Superb habitat… a place to call home

Image of a bush landscape on fire

With these new arrivals, ancient trees soon felt the sharp blow of an axe as pasture was prepared for ravenous stock. With the passage of time these sheep paddocks soon made way for our suburbs. Residential development had arrived. Our ecological footprint was firmly stamped upon the once open grassy woodlands.

But tucked away in isolated spots, pockets of imposing old trees still stand today somewhat sheltered from suburbia. The trees have hollows where once a branch grew. These magnificent hollows offer refuge from the elements, shelter from predators, a place to call home.

Circling through the canopy, birds seek lodgings to raise their offspring, amongst them a superb parrot by name and by nature searches. Competition is strong for a suitable nesting spot. Deep dark hollows provide a safe place for this iconic threatened woodland bird to reproduce.

Without these magnificent hollows, extinction may loom on the horizon for superb parrots. As citizen scientists you can play a role into research to glean insights into their lifecycle.

The ACT Government placed over 32 cameras at the entrances of tree hollows and captured over one million wildlife images ranging from meandering possums to inquisitive galahs. We’ve now teamed up with the Australian Museum DigiVol project to sort through these digital images but need more help.

We’re asking Canberrans to sign up to DigiVol to help. It’s a delightfully easy process, guided by online steps. There’s been keen interest over the last few weeks, but with tens of thousands of images being loaded a week, more help is needed.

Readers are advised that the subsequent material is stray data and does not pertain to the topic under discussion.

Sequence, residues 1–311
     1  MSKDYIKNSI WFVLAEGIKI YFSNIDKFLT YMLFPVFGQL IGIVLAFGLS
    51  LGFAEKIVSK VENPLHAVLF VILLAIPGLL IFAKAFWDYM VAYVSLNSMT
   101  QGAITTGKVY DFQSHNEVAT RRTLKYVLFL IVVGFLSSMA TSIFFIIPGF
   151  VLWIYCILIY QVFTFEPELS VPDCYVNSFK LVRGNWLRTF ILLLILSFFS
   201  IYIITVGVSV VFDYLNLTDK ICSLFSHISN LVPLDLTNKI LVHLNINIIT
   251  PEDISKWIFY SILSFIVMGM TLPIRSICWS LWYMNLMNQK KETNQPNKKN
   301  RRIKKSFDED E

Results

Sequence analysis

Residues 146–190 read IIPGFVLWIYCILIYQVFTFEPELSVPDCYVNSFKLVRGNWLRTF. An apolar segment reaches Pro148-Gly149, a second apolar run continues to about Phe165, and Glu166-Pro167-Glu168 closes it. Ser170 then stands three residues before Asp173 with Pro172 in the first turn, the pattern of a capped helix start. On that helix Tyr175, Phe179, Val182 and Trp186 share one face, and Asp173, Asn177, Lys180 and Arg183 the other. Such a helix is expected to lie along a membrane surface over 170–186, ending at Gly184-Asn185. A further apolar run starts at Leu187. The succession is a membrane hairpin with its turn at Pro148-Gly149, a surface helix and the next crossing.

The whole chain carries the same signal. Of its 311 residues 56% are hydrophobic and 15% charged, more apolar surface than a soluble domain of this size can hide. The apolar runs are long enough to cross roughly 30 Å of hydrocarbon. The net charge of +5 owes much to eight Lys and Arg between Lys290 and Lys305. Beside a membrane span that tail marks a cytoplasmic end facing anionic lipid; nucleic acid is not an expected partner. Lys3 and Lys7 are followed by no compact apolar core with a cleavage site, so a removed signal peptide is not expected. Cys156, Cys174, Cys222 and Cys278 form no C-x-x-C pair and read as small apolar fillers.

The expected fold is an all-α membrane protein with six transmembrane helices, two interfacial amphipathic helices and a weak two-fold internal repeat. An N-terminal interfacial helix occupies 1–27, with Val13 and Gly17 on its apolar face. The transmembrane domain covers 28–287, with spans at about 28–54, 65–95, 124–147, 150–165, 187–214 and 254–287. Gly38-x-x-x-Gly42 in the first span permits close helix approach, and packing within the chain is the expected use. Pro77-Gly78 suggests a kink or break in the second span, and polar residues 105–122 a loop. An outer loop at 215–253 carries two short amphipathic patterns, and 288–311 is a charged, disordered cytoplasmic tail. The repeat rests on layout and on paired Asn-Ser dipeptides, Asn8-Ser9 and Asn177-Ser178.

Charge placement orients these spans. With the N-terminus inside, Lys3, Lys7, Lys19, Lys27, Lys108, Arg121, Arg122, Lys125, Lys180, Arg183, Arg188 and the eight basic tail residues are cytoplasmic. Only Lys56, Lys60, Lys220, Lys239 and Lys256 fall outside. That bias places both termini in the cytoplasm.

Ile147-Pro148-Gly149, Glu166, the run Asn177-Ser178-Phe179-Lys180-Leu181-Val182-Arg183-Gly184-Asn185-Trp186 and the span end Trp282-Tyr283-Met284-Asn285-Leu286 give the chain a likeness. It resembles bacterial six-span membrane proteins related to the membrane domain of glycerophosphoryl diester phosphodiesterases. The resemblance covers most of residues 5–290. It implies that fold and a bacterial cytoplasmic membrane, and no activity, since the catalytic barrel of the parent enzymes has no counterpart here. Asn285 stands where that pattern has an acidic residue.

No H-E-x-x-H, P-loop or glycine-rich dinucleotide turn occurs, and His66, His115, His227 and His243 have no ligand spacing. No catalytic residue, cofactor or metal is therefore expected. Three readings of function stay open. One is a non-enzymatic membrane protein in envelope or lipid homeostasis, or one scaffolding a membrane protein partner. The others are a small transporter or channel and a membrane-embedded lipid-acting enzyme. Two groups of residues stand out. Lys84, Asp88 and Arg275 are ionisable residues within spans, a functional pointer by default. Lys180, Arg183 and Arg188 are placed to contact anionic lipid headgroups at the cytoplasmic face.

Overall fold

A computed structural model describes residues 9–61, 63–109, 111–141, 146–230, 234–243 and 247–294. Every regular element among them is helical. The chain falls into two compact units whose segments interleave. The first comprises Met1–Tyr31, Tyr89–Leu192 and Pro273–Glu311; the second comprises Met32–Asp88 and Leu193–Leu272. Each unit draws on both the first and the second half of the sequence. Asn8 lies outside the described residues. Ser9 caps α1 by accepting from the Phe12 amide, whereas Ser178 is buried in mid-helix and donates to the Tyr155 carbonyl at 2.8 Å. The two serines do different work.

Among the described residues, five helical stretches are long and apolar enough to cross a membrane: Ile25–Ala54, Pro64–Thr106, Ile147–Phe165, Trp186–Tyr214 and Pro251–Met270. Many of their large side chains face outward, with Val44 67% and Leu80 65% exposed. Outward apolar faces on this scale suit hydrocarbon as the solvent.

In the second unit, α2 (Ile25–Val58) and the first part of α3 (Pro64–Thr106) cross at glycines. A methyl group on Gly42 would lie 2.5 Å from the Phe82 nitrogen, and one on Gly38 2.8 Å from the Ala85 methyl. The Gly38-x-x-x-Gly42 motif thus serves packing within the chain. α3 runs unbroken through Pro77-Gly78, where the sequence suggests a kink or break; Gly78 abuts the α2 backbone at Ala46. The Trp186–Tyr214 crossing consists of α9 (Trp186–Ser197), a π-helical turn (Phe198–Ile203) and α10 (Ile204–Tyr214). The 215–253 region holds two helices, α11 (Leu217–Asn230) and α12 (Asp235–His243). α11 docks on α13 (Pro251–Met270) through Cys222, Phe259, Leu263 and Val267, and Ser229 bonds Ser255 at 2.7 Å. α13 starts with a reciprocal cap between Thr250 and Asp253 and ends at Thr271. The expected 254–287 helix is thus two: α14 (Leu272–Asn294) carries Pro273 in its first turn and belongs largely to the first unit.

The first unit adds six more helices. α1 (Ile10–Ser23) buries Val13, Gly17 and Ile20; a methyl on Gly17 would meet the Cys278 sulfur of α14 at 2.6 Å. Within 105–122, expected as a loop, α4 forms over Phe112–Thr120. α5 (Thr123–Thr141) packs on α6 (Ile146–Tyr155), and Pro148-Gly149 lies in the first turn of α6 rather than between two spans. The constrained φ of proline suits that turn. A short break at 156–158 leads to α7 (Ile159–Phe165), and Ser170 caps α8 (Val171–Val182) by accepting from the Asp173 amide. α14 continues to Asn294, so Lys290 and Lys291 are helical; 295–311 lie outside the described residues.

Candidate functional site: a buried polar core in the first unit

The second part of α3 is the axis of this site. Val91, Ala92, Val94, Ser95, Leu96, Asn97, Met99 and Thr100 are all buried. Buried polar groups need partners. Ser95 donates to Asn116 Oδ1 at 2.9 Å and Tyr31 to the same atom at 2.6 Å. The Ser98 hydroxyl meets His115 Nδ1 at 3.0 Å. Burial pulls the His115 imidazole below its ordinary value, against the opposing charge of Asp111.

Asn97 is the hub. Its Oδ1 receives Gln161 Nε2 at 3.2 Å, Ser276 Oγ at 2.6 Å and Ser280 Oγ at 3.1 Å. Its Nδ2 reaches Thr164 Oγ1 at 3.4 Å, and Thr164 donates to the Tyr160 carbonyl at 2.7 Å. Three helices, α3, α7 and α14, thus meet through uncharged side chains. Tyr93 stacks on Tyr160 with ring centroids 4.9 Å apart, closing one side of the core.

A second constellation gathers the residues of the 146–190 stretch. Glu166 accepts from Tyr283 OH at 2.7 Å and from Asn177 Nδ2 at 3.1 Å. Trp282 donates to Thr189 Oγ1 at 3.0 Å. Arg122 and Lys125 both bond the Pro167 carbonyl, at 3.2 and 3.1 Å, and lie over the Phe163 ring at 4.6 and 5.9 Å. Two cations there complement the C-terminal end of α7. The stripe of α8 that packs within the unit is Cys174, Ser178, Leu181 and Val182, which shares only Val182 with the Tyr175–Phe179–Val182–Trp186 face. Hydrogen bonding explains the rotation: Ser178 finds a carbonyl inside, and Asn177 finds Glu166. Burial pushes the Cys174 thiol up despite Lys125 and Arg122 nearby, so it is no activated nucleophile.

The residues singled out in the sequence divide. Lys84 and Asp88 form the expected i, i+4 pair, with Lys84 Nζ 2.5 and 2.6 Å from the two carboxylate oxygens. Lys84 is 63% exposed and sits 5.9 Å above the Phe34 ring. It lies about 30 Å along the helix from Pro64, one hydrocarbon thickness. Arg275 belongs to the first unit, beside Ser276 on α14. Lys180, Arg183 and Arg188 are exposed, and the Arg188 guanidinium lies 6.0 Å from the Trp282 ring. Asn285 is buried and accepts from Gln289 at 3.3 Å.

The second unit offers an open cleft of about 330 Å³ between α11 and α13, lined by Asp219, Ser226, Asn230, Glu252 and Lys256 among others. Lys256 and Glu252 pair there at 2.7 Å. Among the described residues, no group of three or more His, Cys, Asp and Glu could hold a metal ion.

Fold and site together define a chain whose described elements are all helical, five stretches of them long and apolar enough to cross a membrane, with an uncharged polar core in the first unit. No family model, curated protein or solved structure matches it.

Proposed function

This collaboration with our community will answer many probing questions. Exactly how much competition is the superb parrot facing? Are they losing their precious hollows to competitor birds? Can they hang onto their spot once occupied? This citizen research will also explore if competition is leading to superb parrots nesting in less than desirable hollows in the vain hope of breeding success.

Time is of the essence with only a few thousand birds remaining. ANU research predicts that with the implications of climate change Canberra may present climatic conditions similar to the superb parrot’s key breeding areas around Young and Forbes of today, suggesting that the bush capital may become pivotal for the species’ long-term survival.

To play your part, access the DigiVol site at https://volunteer.ala.org.au/project/index/22993321

Brett Mac

Brett McNamara - Regional Manager with ACT Parks & Conservation Service

Brett loves our national parks almost as much as the Gang-gang on his uniform. He is prone to using the word 'majestic' when referring to the bush capital. He loves talking. A lot. His favourite animal is the playful Platypus.